MIT researchers calculate river networks’ movement across a landscape.
Noted Chinese-American writer Maxine Hong Kingston, internationally recognized for her novels which interweave Chinese-American history, legends and personal struggles, will read from her work in progress, Fifth Book of Peace, on Monday, Oct. 7 at 7pm in Rm 10-250.
Her previous works include Tripmaster Monkey: His Fake Book (1989), which won the 1989 PEN fiction award; China Men (1980), which received a National Book Award and was nominated for a Pulitzer Prize; and The Woman Warrior (1976), winner of a National Book Critics Circle Award.
When Bill Moyers featured Ms. Kingston on the PBS program, A World of Ideas, he stated that her books are currently "the most widely taught on any American campus, more than any other American author."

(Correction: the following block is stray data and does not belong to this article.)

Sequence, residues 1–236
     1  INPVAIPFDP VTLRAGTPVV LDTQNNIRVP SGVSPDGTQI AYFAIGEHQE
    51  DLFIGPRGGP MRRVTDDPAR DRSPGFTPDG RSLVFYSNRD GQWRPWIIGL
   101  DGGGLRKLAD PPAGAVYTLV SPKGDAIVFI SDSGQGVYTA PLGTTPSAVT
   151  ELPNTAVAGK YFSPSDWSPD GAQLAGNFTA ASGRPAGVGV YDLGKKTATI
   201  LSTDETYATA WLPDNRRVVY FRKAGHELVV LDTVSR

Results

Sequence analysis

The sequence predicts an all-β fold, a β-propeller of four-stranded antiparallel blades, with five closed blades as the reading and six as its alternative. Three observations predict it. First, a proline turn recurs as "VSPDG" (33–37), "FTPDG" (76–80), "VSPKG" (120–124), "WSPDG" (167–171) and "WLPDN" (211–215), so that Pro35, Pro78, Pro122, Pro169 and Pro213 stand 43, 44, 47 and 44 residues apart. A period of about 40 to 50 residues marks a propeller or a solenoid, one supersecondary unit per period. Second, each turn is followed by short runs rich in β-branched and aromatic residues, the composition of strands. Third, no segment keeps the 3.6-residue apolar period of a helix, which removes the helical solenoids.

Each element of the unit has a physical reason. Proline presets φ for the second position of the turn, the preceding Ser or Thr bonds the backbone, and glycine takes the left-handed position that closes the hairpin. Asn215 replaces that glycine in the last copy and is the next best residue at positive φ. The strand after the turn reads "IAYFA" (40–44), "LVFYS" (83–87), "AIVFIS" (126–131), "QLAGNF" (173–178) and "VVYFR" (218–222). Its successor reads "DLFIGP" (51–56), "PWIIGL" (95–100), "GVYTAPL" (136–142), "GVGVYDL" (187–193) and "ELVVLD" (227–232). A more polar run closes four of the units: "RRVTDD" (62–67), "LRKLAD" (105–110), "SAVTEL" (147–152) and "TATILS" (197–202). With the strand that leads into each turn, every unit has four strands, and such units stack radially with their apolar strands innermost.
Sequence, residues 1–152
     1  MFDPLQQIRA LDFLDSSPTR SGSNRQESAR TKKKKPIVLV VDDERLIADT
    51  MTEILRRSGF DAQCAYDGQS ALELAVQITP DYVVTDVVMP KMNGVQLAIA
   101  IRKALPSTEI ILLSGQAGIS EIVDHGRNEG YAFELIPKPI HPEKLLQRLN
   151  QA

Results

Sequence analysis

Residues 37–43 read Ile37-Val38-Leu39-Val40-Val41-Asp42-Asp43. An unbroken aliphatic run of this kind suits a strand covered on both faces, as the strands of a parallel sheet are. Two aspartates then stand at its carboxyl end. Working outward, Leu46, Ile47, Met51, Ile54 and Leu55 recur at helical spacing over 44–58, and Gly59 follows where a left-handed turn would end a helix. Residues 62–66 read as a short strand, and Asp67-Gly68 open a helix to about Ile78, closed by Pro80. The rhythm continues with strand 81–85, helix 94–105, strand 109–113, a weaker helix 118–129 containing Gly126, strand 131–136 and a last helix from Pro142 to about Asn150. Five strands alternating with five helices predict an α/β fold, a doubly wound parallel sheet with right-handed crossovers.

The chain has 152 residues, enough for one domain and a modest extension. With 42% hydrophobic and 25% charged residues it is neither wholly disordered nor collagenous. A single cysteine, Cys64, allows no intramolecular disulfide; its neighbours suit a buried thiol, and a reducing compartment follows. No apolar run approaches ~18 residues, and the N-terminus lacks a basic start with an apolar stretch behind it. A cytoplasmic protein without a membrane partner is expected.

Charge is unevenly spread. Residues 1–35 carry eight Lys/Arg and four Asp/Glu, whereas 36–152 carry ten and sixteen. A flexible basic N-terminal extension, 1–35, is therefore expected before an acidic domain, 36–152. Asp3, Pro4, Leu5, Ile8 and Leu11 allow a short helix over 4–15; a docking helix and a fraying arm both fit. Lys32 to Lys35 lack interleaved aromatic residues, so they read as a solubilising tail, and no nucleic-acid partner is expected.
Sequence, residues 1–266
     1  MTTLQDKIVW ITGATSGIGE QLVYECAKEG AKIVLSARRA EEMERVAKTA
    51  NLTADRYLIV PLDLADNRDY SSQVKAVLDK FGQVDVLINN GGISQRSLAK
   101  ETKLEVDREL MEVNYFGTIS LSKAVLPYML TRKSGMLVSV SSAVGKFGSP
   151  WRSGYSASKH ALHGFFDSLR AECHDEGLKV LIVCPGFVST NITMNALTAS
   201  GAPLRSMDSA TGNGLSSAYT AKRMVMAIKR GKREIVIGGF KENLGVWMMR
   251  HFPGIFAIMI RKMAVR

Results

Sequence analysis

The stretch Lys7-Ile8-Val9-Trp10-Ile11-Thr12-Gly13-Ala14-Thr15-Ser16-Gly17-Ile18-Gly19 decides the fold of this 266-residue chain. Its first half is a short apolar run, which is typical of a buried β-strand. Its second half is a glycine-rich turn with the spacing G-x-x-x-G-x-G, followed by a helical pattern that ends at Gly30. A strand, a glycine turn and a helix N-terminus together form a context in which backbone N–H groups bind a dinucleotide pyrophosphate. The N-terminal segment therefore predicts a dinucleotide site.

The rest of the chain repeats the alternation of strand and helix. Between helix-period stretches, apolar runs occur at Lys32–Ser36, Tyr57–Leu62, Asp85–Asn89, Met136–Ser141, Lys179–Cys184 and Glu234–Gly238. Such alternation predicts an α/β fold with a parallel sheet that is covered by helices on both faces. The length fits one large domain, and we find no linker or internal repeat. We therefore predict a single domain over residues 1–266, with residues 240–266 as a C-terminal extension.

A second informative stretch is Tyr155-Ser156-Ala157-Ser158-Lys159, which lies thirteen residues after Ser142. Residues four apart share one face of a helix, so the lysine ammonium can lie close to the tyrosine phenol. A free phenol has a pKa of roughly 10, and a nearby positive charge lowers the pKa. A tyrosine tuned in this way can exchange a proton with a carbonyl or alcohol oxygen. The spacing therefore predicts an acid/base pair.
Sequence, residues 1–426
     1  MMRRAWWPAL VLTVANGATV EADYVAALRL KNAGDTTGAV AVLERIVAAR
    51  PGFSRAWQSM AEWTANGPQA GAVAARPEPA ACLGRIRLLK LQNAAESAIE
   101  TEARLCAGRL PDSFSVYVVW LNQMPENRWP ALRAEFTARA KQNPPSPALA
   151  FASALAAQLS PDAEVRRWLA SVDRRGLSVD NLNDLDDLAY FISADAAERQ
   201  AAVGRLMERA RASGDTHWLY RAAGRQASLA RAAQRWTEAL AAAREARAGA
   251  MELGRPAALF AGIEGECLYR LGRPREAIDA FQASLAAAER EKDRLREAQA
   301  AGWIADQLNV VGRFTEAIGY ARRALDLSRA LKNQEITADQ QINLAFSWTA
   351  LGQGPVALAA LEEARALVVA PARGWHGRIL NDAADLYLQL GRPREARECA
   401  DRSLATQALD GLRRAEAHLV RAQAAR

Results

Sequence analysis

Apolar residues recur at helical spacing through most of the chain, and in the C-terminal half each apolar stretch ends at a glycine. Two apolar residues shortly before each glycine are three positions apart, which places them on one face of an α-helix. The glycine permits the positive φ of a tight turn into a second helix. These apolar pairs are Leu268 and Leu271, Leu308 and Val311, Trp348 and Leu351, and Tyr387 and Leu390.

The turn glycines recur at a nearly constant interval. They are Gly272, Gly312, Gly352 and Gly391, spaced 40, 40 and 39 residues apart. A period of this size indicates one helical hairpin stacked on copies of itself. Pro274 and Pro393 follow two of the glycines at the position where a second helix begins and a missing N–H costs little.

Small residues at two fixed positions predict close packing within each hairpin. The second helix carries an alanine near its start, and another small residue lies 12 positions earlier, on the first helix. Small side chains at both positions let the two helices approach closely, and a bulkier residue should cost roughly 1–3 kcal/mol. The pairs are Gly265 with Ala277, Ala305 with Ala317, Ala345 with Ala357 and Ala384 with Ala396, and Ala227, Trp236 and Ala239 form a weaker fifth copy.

"Sinologists have criticized me for not knowing myths and for distorting them; pirates correct my myths, revising them to make them conform to some traditional Chinese version," Ms. Kingston wrote in a personal statement for Approaches to Teaching Kingston's The Woman Warrior. "They don't understand that myths have to change, be useful or be forgotten. The myths I write are new, American."
While at MIT, Ms. Kingston, who is on sabbatical from the English department at the University of California at Berkeley, will discuss her novels and the recent stage adaptation of The Woman Warrior with Professor Helen Elaine Lee's Women Studies' class, Writing by American Women of Color, and Professor Laura Harrington's theater arts class, Playwriting I.
For more information on the program, which is co-sponsored by the MIT Program in Women's Studies and the Office of the Arts, call x3-8844.
A version of this article appeared in MIT Tech Talk on October 2, 1996.